Within a month of capturing power in Kabul, the Taliban also brought back their moral policing unit to enforce Sharia law and sidelined the women’s affairs ministry in Afghanistan in announcing government appointments, which has compelled many to fear that worse is to come.

Frontline women’s rights activist Nilofar Ayoubi told University World News the moves by the group clearly indicated its narrow-minded approach towards this diverse country.

“This is the start of limiting girls’ education,” she said, referring to gender-based segregation. “Eventually the Taliban will end up banning girls from schools and universities.

“Today, they [the Taliban] have demanded the separation of classes by gender; tomorrow they will demand that only women teachers can teach women, but all know we don’t have enough women teachers. And, finally, they will say that due to the lack of women teachers, girls should sit at home,” she said.

Constraints on universities

According to higher education ministry estimates, there are some 131 private universities and higher education institutions in the country.

Many students have stayed away from campuses. At Kabul’s private Gharjistan University, only 10% to 20% of the 1,000 students who enrolled last year showed up. The director, Noor Ali Rahmani, estimated that up to 30% of the students have left Afghanistan.

Students expressed mixed reactions after the re-opening of campuses following a long period of uncertainty and fighting.

While some girls welcomed the new dress code including the ‘hijab’ (veil), others feared gender-based segregation would harm their prospects for higher education.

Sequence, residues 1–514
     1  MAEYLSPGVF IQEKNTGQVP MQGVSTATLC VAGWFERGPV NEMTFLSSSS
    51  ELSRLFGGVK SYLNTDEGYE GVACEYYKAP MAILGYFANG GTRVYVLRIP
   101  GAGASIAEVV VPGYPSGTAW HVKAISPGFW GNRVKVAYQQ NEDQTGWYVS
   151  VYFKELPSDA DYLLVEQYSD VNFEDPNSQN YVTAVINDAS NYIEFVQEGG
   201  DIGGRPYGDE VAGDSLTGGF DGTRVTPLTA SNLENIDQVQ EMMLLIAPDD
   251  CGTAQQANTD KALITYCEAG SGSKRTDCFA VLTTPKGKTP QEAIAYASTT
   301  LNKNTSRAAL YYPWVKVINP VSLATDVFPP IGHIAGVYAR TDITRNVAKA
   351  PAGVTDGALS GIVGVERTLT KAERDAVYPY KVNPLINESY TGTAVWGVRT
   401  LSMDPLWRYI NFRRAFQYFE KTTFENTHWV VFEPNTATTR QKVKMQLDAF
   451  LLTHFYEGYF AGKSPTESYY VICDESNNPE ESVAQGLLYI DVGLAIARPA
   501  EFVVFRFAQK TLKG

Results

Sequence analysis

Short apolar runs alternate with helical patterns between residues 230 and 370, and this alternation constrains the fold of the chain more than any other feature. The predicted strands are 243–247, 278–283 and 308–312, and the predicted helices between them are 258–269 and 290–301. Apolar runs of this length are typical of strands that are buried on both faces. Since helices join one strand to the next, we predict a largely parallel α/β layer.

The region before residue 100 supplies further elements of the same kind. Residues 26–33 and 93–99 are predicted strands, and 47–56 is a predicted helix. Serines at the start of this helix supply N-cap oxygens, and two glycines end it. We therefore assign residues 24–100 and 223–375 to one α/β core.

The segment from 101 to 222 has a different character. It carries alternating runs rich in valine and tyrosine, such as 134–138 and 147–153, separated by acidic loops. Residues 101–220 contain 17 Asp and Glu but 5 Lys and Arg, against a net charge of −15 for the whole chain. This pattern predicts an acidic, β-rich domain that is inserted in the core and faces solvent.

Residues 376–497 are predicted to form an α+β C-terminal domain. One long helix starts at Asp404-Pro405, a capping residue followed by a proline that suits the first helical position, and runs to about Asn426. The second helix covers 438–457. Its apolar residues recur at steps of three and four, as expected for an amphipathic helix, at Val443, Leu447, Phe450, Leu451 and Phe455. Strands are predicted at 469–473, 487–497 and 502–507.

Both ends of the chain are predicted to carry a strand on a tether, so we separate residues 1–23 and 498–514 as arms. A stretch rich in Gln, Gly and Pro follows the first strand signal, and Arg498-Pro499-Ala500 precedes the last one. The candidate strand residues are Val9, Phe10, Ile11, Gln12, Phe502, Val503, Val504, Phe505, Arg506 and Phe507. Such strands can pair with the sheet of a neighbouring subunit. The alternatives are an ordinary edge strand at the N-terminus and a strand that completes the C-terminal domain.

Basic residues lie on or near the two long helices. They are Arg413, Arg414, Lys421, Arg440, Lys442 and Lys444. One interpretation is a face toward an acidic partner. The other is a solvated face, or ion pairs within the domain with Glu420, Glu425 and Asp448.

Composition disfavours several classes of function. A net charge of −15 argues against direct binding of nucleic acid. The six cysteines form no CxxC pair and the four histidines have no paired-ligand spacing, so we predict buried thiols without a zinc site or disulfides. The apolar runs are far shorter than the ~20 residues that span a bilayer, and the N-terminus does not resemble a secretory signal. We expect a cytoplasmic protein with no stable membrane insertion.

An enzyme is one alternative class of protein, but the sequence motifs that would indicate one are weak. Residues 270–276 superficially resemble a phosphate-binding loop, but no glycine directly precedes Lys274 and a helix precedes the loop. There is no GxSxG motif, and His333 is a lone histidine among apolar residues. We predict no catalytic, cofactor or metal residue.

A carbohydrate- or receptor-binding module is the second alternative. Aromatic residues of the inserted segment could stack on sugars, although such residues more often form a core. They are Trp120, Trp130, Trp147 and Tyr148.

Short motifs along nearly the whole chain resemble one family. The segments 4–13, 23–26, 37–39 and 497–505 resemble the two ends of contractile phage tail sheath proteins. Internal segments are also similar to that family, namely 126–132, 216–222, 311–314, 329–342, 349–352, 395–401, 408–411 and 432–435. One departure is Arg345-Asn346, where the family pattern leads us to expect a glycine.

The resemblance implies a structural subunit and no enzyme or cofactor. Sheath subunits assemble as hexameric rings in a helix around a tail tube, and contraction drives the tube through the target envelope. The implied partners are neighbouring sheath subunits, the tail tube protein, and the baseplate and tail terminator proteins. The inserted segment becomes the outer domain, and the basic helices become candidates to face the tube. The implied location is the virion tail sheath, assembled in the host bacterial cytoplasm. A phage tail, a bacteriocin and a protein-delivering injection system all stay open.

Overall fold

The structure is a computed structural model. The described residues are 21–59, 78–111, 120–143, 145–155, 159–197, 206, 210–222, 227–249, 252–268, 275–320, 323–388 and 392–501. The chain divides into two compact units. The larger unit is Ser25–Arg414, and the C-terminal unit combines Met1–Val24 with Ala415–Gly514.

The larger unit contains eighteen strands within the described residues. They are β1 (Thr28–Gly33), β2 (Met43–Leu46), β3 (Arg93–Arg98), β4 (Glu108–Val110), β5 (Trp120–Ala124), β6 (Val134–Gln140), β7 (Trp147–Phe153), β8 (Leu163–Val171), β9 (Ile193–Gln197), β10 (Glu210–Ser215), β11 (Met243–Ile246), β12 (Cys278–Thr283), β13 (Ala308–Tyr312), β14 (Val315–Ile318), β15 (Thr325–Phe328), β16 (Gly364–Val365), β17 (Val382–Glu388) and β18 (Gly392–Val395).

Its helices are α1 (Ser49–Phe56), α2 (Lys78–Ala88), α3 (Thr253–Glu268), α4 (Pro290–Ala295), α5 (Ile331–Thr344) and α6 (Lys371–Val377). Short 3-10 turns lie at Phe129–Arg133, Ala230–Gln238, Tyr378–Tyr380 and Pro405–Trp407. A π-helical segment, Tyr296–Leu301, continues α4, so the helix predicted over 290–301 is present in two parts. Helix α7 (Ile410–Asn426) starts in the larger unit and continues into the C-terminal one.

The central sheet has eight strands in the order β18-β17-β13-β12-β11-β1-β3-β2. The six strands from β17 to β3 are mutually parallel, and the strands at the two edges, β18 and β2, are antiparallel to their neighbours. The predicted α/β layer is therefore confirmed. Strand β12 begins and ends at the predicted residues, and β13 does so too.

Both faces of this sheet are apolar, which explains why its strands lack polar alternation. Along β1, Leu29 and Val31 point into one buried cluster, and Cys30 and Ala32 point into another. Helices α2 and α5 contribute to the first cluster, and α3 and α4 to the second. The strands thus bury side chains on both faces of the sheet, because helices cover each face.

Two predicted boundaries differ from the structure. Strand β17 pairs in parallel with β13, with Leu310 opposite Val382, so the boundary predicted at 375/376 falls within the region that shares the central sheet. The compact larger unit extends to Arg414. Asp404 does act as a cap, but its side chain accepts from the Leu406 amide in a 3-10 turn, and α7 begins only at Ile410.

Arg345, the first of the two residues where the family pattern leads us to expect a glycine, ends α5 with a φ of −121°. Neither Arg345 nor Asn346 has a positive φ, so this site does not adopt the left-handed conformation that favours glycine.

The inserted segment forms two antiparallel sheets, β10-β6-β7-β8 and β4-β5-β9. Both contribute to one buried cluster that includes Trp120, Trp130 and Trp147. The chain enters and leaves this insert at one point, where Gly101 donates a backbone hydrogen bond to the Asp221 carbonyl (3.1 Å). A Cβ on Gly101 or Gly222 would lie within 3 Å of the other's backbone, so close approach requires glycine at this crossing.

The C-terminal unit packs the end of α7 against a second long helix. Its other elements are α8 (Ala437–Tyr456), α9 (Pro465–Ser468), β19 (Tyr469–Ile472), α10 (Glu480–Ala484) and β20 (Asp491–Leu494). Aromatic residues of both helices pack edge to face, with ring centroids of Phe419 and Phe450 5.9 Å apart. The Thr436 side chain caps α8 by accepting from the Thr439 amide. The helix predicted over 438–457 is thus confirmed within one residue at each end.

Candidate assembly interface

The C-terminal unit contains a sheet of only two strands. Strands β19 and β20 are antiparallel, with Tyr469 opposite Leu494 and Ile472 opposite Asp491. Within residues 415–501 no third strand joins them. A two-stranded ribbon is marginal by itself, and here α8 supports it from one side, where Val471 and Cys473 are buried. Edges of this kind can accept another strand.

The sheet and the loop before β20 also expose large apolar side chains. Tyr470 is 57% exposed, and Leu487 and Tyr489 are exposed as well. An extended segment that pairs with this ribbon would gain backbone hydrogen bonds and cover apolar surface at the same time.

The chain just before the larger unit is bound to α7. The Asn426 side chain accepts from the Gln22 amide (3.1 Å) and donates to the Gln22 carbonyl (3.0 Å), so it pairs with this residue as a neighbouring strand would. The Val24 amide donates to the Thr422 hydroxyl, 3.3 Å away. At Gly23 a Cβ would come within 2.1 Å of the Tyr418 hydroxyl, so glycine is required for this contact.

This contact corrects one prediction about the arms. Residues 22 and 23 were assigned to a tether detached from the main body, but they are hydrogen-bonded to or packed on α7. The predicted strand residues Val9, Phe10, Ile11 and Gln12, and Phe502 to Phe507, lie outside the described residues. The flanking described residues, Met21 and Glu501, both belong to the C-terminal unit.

According to Kabul University professor, Arif Bahram: “It is an emotional decision, far from the objective realities, without considering the facilities and scientific manpower of the universities.”

He pointed out that the implementation of segregation would face problems such as a lack of classrooms, lack of professors and laboratory equipment, besides causing social and psychological problems.

There are, however, some with more pragmatic views about the latest developments.

Muhammad Israr Madani, head of the International Research Council for Religious Affairs in Pakistan, told University World News that the Taliban’s recent moves clarified the situation regarding higher education policies to some extent.

The Taliban “have put curtains in the classrooms of schools and colleges [to segregate boys and girls] which seems that they are not ready to have co-education to a great extent,” he said.

But he added that the Taliban’s aim was to improve women’s literacy rates across Afghanistan, for which they need to open separate educational institutions for women and men so that parents and tribes in conservative areas can have confidence in the education system.

“Under the new education policy, religious schools are also expected to be affiliated with the relevant ministry of education. Perhaps they [the Taliban] do not want to keep religious schools separate and independent like in Iran. The move is also expected to improve education indicators,” he said, referring to literacy rates.